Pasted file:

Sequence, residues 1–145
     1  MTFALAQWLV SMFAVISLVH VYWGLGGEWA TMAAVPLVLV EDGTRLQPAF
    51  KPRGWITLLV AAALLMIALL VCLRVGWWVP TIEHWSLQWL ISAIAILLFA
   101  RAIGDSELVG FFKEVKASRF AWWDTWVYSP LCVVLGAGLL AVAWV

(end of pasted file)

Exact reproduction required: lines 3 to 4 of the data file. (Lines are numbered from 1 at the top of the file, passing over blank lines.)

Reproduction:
    51  KPRGWITLLV AAALLMIALL VCLRVGWWVP TIEHWSLQWL ISAIAILLFA
   101  RAIGDSELVG FFKEVKASRF AWWDTWVYSP LCVVLGAGLL AVAWV